The Big Wave (Paperback)
|Author: Pearl S. Buck|
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|After a tidal wave destroys their village, two Japanese boys learn about tragedy and the importance of building a new life *Author: Buck, Pearl S. *Publication Date: 1986/04/01 *Binding Type: Paperback *Language: English *Depth: 0.25 *Width: 5.25 *Height: 7.50|
From the Publisher:
The famous story of a Japanese boy who must face life after escaping the tidal wave destruction of his family and village.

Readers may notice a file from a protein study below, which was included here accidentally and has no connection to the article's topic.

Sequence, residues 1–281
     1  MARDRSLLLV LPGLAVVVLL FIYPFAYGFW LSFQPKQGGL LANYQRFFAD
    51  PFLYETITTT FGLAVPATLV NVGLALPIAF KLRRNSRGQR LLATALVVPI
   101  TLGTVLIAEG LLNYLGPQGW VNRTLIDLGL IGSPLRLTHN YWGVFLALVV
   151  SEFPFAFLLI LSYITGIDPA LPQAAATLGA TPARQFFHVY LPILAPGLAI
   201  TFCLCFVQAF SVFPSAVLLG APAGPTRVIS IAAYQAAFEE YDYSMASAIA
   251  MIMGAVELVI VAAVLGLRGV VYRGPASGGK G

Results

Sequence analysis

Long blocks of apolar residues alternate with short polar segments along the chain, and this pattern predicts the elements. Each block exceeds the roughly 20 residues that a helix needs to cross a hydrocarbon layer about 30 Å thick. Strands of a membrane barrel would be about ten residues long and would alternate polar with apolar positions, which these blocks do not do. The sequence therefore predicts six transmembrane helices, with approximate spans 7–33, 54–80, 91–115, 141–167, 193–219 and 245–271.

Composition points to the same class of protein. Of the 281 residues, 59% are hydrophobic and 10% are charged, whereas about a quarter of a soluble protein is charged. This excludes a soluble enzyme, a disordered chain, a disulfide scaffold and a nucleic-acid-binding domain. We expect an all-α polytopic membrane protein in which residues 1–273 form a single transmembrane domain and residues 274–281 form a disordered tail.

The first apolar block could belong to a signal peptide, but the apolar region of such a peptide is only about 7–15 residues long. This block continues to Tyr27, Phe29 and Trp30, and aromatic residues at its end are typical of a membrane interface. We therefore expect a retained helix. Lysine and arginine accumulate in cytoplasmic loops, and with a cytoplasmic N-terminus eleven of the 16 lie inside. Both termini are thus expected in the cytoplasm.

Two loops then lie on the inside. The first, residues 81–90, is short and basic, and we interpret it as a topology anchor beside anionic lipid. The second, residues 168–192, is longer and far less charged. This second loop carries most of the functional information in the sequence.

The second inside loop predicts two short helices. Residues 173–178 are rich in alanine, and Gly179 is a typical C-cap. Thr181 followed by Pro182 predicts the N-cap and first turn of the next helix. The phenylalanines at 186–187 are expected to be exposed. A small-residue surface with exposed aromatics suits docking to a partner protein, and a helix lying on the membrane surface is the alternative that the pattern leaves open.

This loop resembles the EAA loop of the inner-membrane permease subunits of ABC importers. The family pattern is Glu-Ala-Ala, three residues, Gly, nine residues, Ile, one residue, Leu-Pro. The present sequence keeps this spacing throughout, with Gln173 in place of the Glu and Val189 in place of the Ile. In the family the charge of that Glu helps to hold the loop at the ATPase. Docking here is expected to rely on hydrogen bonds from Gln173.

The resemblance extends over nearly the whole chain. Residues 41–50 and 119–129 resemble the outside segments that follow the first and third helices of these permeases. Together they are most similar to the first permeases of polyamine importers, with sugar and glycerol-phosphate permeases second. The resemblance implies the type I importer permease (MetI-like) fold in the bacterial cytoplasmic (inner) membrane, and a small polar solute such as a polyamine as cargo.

As an educated woman fluent in Chinese and English who lived in China for close to 40 years between 1892 and 1934, American writer Pearl S. Buck occupied a unique position, and with honesty and an eye for the beautiful, she brought her direct and observed experiences fully to bear on her fiction and non-fiction writing. Buck was born in Hillsboro, West Virginia, to Southern Presbyterian missionaries on temporary hiatus in the United States. When she was only three months old, her parents returned to China. She and her family heavily felt the impact of the turn-of-the-century Boxer Uprising against missionaries and other foreign presences in China, but nonetheless Buck developed a deep love, respect, and attachment for her adopted country and its people. From 1910 to 1914 Buck attend Randolph-Macon Women's College in Virginia, returning to China in 1915 to care for her ailing mother. Buck began writing seriously in her twenties, although her first book, EAST WIND, WEST WING did not come to print until 1930. The publication of her hugely successful book THE GOOD EARTH followed promptly in 1931. THE GOOD EARTH describes life as Buck observed it in an impoverished rural province of China where she lived with her first husband, John Lossing Buck, from 1917 to 1920. The first part of a multi-generational trilogy (followed by SONS (1932) and A HOUSE DIVIDED (1935), THE GOOD EARTH established Buck's international reputation. She won a Pulitzer Prize this work, and in 1938 she became the first woman to win the Nobel Prize. Buck continued to work for the rest of her life, publishing prolifically--more novels, articles, and translations--and working tirelessly as a humanitarian and philanthropist. Buck had one daughter, who was born with a condition that caused severe mental handicaps and whose story she told in THE CHILD WHO NEVER GREW (1950). She was also astounded by the politics of adoption in China and the United States that left many mixed-race children unadopted. Through her Welcome House and the Pearl S. Buck Foundation, she worked to improve the conditions for children across the globe. Along with her second husband, publisher Richard Walsh, Buck founded the East and West Foundation to promote cultural exchange. At the age of 80, Buck died from lunch cancer in 1973